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Proper Ordinary Time

I am receiving a lot of questions: why is this the 8th week in Ordinary Time? Why is my church using Proper 3 for the office? (from someone in TEC USA). The answer is not simple.

There are 52 or 53 Sundays in a year, depending on the year. 4 are for Advent, 1 or 2 for Christmas (depending on the year), 6 for Lent, 8 for Easter = a total of at least 19 Sundays. In a year of 53 Sundays we would need another 34 Sundays – that’s the maximum number we need. Sometimes we won’t need 34 – where do we drop a Sunday not needed? The contemporary lectionary system has decided to drop such a Sunday in the moving Lent-Easter period, so that the Church Year always ends on the 34th Sunday. Do the maths and you’ll find the Sunday before Advent, the Last Sunday of the Church Year (#34), is always between November 20 and 26. It is also the Sunday closest to November 23. Counting backwards #33 is always between November 13 and 19. It is also the Sunday closest to November 16. And so on backwards.

Ordinary Time numbering:

(used, for example by the Roman Catholic Church. The Canadian BAS calls them “propers” ie. the 7th Sunday in Ordinary Time BAS calls “Proper 7”)

There is nothing “ordinary” about “Ordinary Time”. Ordinary Time is not about common, regular, mundane, or run of the mill. Ordinary Time comes from the word “ordinal” as in “ordinal numbers”. Remember your Maths: Cardinal numbers answer “how many?” “Ordinal Numbers” tell the rank, they answer “what position?” Ordinal Numbers are first, second, third, fourth, etc.

Ordinary weeks count forward from The Baptism of the Lord. After the Day of Pentecost, however, they are checked backwards from the last week of the Church’s Year which is always the 34th week of Ordinary Time. So sometimes a week is dropped out – as in 2010. In 2010 the week prior to Lent was the 6th week in Ordinary Time. The week following the Day of Pentecost is the 8th week in Ordinary Time. Next week (following Trinity Sunday) is the 9th week in Ordinary Time. Hence, one can see why Sunday 13 June is the 11th Sunday in Ordinary Time (actually technically the Sunday in the 11th week of Ordinary Time).

The Episcopal Church:

has decided not to title the earlier Sundays in Ordinary Time like that. They are numbering the earlier ones Sundays after Epiphany. They realize that the earliest the Day of Pentecost can be is May 10. So they number “Propers” from the Sunday “closest to May 11”. But the readings are actually the same as above. ie. you either use the readings before Lent, or after Pentecost. Hence for TEC the readings for Proper 1 are just the same as the readings set for the 6th Sunday after Epiphany; Proper 2 is identical with the seventh Sunday after Epiphany. This continues to the ninth Sunday after Epiphany, the greatest number of Sundays possible after Epiphany. (TEC has a “Last Sunday after Epiphany). [TEC’s proper number plus 5 = the Ordinary Sunday number which is the same as BAS proper number].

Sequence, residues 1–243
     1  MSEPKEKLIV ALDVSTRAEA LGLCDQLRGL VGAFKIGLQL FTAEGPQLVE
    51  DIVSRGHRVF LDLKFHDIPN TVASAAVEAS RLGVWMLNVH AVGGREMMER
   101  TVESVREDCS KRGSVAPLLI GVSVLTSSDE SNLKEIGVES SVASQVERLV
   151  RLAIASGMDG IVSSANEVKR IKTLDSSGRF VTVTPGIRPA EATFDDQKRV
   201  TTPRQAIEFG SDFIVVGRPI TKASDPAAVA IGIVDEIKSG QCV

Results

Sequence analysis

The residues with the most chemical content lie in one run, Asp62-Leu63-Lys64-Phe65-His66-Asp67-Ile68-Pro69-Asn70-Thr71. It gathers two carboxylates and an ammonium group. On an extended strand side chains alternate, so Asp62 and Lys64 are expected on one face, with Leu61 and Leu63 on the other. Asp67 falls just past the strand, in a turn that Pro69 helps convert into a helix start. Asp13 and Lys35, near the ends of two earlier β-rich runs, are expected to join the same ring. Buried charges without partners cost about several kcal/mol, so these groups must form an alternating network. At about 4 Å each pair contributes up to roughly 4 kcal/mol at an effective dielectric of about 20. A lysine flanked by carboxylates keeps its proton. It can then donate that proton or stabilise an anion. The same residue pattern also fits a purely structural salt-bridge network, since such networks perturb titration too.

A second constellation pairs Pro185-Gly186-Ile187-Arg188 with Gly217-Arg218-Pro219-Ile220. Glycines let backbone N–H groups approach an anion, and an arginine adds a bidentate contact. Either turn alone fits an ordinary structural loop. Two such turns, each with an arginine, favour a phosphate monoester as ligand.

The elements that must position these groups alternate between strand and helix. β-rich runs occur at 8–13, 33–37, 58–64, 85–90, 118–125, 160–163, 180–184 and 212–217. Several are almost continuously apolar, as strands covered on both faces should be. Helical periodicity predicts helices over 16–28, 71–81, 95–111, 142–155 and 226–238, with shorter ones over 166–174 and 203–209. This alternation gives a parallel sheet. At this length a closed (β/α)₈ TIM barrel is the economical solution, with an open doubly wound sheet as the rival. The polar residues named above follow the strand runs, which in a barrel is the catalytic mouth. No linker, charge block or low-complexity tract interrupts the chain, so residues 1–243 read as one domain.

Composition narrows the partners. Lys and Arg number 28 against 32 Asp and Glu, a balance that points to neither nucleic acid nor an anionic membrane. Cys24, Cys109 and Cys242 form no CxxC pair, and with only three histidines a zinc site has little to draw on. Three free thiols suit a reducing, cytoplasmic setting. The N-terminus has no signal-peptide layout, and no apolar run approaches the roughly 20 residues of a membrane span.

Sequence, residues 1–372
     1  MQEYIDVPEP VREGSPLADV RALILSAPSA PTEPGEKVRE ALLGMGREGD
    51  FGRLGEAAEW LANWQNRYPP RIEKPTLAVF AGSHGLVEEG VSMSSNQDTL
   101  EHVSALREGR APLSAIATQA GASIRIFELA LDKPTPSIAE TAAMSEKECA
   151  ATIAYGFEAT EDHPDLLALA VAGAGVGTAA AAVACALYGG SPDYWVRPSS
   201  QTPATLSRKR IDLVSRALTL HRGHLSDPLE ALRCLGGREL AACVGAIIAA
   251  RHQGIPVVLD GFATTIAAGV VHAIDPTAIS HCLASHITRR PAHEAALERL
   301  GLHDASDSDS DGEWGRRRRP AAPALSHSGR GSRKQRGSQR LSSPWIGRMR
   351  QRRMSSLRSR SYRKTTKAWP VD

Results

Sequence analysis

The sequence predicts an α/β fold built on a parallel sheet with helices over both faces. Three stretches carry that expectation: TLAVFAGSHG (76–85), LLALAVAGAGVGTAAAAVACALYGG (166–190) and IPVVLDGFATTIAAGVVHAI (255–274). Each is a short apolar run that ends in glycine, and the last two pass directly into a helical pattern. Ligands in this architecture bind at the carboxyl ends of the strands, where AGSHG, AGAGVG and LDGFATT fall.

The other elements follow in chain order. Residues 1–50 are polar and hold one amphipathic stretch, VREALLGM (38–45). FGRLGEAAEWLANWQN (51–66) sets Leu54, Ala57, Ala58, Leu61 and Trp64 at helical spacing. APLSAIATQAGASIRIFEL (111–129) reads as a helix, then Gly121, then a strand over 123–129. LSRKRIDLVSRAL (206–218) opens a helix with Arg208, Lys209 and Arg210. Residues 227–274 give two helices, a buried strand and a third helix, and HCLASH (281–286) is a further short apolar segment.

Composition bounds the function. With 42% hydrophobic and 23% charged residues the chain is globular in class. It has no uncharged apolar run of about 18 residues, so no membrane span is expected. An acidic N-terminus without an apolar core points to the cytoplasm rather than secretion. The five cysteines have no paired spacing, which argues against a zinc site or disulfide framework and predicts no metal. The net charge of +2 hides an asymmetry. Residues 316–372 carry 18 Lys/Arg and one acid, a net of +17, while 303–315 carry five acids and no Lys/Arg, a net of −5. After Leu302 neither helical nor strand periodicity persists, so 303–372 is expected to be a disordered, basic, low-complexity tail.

Common Worship CofE:

essentially follows the same lectionary system as the above two. But whereas the above two systems link a collect/opening prayer to the readings, Common Worship acknowledges that there is no theme to the readings and so the collect is independent of the readings. The collect for Common Worship is found by counting Sundays after Trinity Sunday.

The New Zealand Lectionary (of the Anglican Church of Or)

won’t make its mind up. Sunday 6 June is given as “Te Pouhere Sunday” (“Designated by General Synod to celebrate our life as a three Tikanga Church.” complete with its own set of readings including four options for a gospel reading, and two options each for other readings. It calls the Acts of the Apostles an “epistle”). The lectionary also calls this the Second Sunday after Pentecost, the 10th Sunday in Ordinary Time, Te Ratapu Tekau ma tahi o He wa ano, and Proper 5 with its own RCL readings. No one will be told off if they call it the First Sunday after Trinity. And there will be a number of communities that will celebrate Corpus Christi on this Sunday with its own readings and collect. Of course if you have a particular thing about St Boniface and want to celebrate him this day, or this year you have a family service on the first Sunday of the month focusing on each of the twelve apostles in turn – no one will be at all surprised…

Further to our current week, the suggestion in the New Zealand Lectionary that the collect for the Day of Pentecost be used during the week following is confused and confusing. I cannot locate the formulary that would have this as advised by the lectionary. Nor can I see any logic in this. Nor can I understand the liturgical purpose of following its suggestion to have two collects.

The Day of Pentecost ends the fifty day season of Easter (that’s what the Greek word “Pentecost” means!) It does not begin a “Pentecost Season”. In the Nicene canons we are forbidden to kneel on Sundays and the Bishops at the Council of Nicaea were horrified to hear of people kneeling during Pentecost – by which they meant the fifty days of what we now call the Easter Season (Council of Nicaea, Canon 20).